How to Get Ready For Cyclocross
In late summer and early fall a new slogan can be heard on repeat: "Cross is coming." Meaning another cyclocross season will soon be underway. Also known as 'cross or simply CX, cyclocross has garnered its following from its spectator friendly nature, as well as the wide demographic of riders that can be seen on the course. As more and more riders get into this fall sport, we asked local cyclocross enthusiasts, Jereme and members of the L5 Racing Team, to put together a few suggestions to help you get ready for your next (or first!) CX adventure.
It is true there are cyclocross specific bikes out there, but that doesn't mean you have to go out and buy a new bike to try this sport out. If you have a mountain bike or a bike that you commute on, chances are that same bike will work to for your first race. Just be sure that you have some good grip on your tires to keep traction on the off-road surface. After that, you can decide if you want to invest in a new cyclocross-specific rig.
A wide variety of bicycles can be used in this sport. Just be sure to give them a good cleaning after each event.
Before you head down to the event, you can check at your local bike shop to see if there are any 'cross practice nights in your town. If not, you can ride through grassy areas and around some trees to make sure your tires have enough grip to hold onto a dirt or grass surface. As with any sport, taking time to practice and get familiar with the feel of the bike in various conditions is key to feeling ready for a race. You can't plan for every condition nor every race, but through repetition you can at least feel more comfortable in how you and your bike will handle in a similar scenario.
First things first, you have to get to the race! Since you can use a multitude of different bikes for this sport, a versatile car rack is a must. If you have a hitch the SuperClamp bike rack is a great option that can transport a wide variety of bikes, doesn't touch your bike's frame and is easy to load. If you need a trunk rack the SUPERBones is a good option with its hassle-free strap management, cut-proof straps and ability to lock your bike to the rack and the rack to the car.
Practice. Practice. Practice.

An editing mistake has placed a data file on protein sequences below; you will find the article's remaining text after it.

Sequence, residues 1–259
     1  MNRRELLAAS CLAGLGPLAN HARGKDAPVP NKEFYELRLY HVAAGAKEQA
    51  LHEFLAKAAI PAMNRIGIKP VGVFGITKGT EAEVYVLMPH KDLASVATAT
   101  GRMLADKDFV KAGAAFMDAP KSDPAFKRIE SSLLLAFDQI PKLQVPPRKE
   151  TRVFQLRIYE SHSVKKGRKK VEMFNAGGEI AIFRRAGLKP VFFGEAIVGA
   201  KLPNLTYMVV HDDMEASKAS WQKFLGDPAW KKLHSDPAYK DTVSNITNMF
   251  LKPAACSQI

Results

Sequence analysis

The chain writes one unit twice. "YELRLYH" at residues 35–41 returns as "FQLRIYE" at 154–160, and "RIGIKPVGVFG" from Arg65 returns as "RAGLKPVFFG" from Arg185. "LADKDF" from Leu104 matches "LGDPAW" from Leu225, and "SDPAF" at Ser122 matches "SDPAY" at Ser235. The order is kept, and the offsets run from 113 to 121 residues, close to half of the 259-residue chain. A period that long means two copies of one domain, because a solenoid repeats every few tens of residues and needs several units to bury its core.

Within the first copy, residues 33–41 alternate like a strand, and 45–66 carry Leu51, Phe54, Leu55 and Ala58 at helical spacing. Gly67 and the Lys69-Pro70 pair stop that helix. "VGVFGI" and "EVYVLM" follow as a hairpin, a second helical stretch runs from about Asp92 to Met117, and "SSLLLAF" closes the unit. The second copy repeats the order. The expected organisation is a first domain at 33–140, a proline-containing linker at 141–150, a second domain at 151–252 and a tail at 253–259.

Now that you've made it to the race, it's time to pre-ride the course. Doing so is always a good idea to get a feel for what you're going to encounter during the race. You will want to pay attention to where steep grade changes happen, where the barriers are and how the corners are marked. There's typically time to pre-ride early in the morning, and then again around mid-day. So make sure you check the race schedule with your start time and look for indications about when the course will be open for pre-ride.
If you don't have time to pre-ride, make sure you have some time to watch one of the races before you start. This will help you see how others are riding, running and navigating corners.
As your start time approaches, it's important to make sure you warm-up before you roll up to the start. A good warm-up typically takes around 30 minutes; so make sure you leave yourself enough time to complete the warm-up before go-time.
Since most races are held in urban areas, it can be hard to find a consistent road surface to warm-up on. Bringing any stationary bike trainer, like a CycleOps Fluid2, is a great tool to have at any 'cross event. That way when you're ready to warm-up, you can set the trainer up next to your car, hop on and get your heart rate up before you toe the start.
Some, but not all, cyclocross events have warm-up tents already equipped with trainers to get the blood flowing.
Other Things to Keep in Mind
- Bring clothing for multiple weather conditions. You typically won't need much for racing, as 'cross events are fast and short. However, you will need some extra clothing for before and after the race, so plan accordingly.
- Remember to hydrate before the race. In typical cyclocross racing, athletes don't carry water or receive hand-ups due to the short duration of the race.
- Make sure to pack a tire pump. If you're a cyclocross newbie you likely won't be too concerned with tire pressure, but soon enough you'll appreciate the ability to change tire pressure after pre-riding the course.
- There is one certainty in cyclocross – there are no certainties. If you're a seasoned racer with a ritual that works for you, then use it. And don't forget to welcome newcomers with open arms – and a beer.
Last but certainly not least, always remember to HAVE FUN! There can be a lot of serious looking people at cyclocross races with multiple bikes, wheels and fancy clothing. Just remember that you are riding a bicycle on what is likely a beautiful fall day, and that should always put a smile on your face!
Jereme sporting some mud and a smile after 'CX Nationals.